PHILADELPHIA—Among patients with relapsing-remitting multiple sclerosis (MS), a thrice-weekly 40-mg subcutaneous dose of glatiramer acetate, which the FDA approved in January 2014, reduces the rate of injection-related adverse events by approximately 50%, compared with the standard dose of 20 mg/day, according to research presented at the 66th Annual Meeting of the American Academy of Neurology. The 40-mg dose is associated with a similar reduction in the rate of direct injection-site reactions.
In a separate study, early treatment with 40 mg of glatiramer acetate was associated with a 31% reduction in the number of confirmed relapses, compared with delayed treatment. Early treatment also was associated with a 67.5% likelihood of relapse freedom, compared with delayed treatment. Early treatment did not affect the rate of disease progression significantly, compared with delayed treatment, but the open-label extension study was not designed to assess disease progression.
The 40-mg dose of glatiramer acetate could affect patient compliance in several ways. For example, patients may prefer receiving injections three times per week to receiving daily injections, but the latter schedule may be easier for patients to remember than the former. “I counsel my patients who want less-frequent injections to set their calendars up [and] to be careful about what they’re doing, because it will take a little bit more behavior change or adaptation on their part to do this correctly,” said Jerry Wolinsky, MD, Interim Chair of the Department of Neurology at the University of Texas in Houston.
One problem with the long-term injection of glatiramer acetate is that patients may develop lipoatrophy. “We expect, but don’t know, that with fewer injections, what has been a major compliance problem for some patients in the long run may be put off for years by this kind of a preparation,” added Dr. Wolinsky.
Safety Study Compared 20-mg and 40-mg Doses
Dr. Wolinsky and colleagues performed an open-label, multicenter study to compare the acceptability and tolerability of two formulations of glatiramer acetate. For the study, the researchers enrolled 209 patients with relapsing-remitting MS who had been receiving daily 20-mg injections of glatiramer acetate for at least six months. Eligible participants were 18 or older, were fully ambulatory, had an Expanded Disability Status Scale (EDSS) score between 0 and 5.5, and were relapse-free in the 60 days before randomization.
The investigators randomized 101 participants to continue daily 20-mg injections of glatiramer acetate. The remaining 108 patients were randomized to 40-mg injections of glatiramer acetate three times per week. At the end of a four-month study period, patients were given the option of continuing on 40-mg injections until the trial was completed. Dr. Wolinsky and colleagues conducted various assessments, including subject-reported outcome questionnaires and standard examinations and testing.
The study population differed from that of the typical clinical trial in MS, said Dr. Wolinsky. Average age for patients in this trial was more than 50, and the population included a larger proportion of women than is common in similar studies. In addition, patients’ average disease duration was approximately 16 years, and average time to diagnosis ranged from 10 to 12 years. Participants had a low reported exacerbation rate and a low EDSS score at study entry.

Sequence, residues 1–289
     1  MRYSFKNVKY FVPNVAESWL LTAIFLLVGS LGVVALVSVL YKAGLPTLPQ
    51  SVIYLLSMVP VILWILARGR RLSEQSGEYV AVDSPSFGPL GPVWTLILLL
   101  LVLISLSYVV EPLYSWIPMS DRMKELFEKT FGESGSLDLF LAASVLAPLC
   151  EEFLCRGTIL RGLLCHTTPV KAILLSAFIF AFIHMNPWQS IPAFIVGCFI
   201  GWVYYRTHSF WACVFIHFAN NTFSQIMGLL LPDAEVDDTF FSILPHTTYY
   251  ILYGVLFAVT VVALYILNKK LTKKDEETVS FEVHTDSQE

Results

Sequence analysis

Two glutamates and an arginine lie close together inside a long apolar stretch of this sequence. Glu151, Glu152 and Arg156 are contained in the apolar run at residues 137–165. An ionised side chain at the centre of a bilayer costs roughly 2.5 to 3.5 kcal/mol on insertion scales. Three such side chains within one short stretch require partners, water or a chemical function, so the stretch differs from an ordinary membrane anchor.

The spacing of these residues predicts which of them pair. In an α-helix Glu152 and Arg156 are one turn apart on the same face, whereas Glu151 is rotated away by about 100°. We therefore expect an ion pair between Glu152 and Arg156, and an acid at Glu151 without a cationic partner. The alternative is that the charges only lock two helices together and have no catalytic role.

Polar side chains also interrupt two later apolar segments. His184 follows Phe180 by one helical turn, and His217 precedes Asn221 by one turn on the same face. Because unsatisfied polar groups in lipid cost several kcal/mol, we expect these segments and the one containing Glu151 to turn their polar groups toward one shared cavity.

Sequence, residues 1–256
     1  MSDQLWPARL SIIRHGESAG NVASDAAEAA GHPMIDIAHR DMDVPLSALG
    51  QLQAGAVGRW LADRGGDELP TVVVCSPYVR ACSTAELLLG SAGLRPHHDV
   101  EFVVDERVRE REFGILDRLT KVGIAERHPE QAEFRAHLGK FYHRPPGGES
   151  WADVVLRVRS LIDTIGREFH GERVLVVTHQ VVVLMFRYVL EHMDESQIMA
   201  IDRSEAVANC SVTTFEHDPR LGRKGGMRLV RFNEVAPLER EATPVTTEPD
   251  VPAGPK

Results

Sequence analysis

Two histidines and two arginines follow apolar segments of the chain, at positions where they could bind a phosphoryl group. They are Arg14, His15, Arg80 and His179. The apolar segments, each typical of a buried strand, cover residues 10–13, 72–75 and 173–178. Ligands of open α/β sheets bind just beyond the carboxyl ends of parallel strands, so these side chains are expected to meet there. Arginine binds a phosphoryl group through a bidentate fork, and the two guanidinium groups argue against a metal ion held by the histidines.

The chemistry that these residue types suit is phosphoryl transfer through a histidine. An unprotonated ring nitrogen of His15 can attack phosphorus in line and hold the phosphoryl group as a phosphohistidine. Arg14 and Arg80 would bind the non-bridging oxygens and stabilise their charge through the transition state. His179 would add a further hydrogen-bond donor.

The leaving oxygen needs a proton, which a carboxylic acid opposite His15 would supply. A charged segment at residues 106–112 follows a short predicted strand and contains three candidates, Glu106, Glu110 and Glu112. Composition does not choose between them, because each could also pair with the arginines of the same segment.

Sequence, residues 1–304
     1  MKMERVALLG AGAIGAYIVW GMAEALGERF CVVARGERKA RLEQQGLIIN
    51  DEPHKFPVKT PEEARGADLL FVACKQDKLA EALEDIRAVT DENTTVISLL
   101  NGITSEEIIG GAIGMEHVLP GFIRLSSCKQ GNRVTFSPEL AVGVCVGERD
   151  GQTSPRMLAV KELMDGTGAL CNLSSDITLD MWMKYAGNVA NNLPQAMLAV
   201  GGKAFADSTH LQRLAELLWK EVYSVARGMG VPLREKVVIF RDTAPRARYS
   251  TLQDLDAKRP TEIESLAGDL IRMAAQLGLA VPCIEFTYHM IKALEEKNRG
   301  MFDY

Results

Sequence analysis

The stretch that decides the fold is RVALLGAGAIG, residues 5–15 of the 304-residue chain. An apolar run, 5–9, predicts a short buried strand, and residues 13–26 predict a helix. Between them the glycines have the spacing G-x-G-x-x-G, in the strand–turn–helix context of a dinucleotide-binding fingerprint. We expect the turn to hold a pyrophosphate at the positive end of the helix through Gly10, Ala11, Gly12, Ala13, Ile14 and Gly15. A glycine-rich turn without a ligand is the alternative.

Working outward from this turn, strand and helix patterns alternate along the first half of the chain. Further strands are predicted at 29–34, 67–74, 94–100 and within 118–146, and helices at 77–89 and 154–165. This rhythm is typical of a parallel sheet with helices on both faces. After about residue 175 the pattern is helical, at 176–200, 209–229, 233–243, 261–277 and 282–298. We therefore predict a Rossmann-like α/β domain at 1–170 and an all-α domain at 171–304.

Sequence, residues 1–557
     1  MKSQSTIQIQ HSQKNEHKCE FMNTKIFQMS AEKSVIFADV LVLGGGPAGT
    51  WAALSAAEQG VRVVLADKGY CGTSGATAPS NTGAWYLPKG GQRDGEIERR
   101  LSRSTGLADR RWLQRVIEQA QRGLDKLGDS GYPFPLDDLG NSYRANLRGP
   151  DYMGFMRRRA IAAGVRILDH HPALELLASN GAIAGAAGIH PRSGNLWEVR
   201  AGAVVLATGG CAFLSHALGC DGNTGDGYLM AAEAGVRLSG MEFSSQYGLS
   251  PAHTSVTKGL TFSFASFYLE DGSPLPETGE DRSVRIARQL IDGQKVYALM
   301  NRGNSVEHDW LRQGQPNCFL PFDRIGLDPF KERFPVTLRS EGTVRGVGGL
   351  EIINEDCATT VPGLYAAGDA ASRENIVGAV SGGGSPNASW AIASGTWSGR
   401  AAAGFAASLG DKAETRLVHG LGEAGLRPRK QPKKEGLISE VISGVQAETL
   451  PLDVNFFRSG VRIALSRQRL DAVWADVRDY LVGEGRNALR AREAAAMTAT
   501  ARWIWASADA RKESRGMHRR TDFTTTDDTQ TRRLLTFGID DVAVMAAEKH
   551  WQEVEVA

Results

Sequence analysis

Patients Found the 40-mg Dose Convenient
The trial’s primary end point was the rate of injection-related adverse events, and 40-mg injections of glatiramer acetate were associated with a significant reduction in these events. Secondary end points included the treatment’s effect on questionnaires of physical and psychological well-being (as measured by the MS Impact Scale 29) and subjects’ perceptions of convenience and satisfaction. The researchers found no significant differences between treatment arms in the physical or psychological scores of the MS Impact Scale 29. Convenience scores on the Treatment Satisfaction Questionnaire for Medication-9 appeared to favor the high dose of glatiramer acetate.
Most adverse events in the trial were related to the direct injection, and no new safety signals were reported for glatiramer acetate. “The 40-mg three-times-a-week dosing regime appears to be a favorable treatment option for patients who want glatiramer acetate treatment but prefer fewer subcutaneous injections,” concluded Dr. Wolinsky.
Researchers Examined Efficacy of 40-mg Injections
Omar Khan, MD, Chair and Professor of Neurology at Wayne State University School of Medicine in Detroit, and colleagues conducted an open-label extension study to assess the ongoing safety and efficacy of thrice-weekly subcutaneous 40-mg injections of glatiramer acetate. Of the approximately 1,400 participants in a previous placebo-controlled study, 1,253 patients with relapsing-remitting MS agreed to participate in the open-label extension. The investigators grouped patients into two distinct arms. Participants in the early-start arm had received 40-mg injections of glatiramer acetate thrice weekly for 12 months in the placebo-controlled trial, and they continued to receive this treatment in the extension. Patients in the delayed-start arm had received placebo for 12 months in the placebo-controlled study and received thrice-weekly 40-mg injections of glatiramer acetate in the extension. The clinical end point was the total number of confirmed relapses.